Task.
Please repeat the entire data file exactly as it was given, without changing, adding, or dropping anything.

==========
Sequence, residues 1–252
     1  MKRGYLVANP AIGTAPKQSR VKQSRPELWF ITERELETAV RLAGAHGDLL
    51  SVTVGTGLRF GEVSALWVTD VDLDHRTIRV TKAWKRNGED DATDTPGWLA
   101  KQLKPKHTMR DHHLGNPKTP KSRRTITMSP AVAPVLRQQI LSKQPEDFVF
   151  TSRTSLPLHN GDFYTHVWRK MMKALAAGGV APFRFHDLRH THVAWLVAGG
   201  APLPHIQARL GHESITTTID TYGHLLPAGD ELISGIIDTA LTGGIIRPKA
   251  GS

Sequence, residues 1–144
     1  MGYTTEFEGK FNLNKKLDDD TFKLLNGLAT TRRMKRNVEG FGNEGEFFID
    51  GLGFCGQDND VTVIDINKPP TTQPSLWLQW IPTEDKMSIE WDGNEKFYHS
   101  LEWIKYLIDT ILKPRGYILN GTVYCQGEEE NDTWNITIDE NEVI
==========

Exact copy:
Sequence, residues 1–252
     1  MKRGYLVANP AIGTAPKQSR VKQSRPELWF ITERELETAV RLAGAHGDLL
    51  SVTVGTGLRF GEVSALWVTD VDLDHRTIRV TKAWKRNGED DATDTPGWLA
   101  KQLKPKHTMR DHHLGNPKTP KSRRTITMSP AVAPVLRQQI LSKQPEDFVF
   151  TSRTSLPLHN GDFYTHVWRK MMKALAAGGV APFRFHDLRH THVAWLVAGG
   201  APLPHIQARL GHESITTTID TYGHLLPAGD ELISGIIDTA LTGGIIRPKA
   251  GS

Sequence, residues 1–144
     1  MGYTTEFEGK FNLNKKLDDD TFKLLNGLAT TRRMKRNVEG FGNEGEFFID
    51  GLGFCGQDND VTVIDINKPP TTQPSLWLQW IPTEDKMSIE WDGNEKFYHS
   101  LEWIKYLIDT ILKPRGYILN GTVYCQGEEE NDTWNITIDE NEVI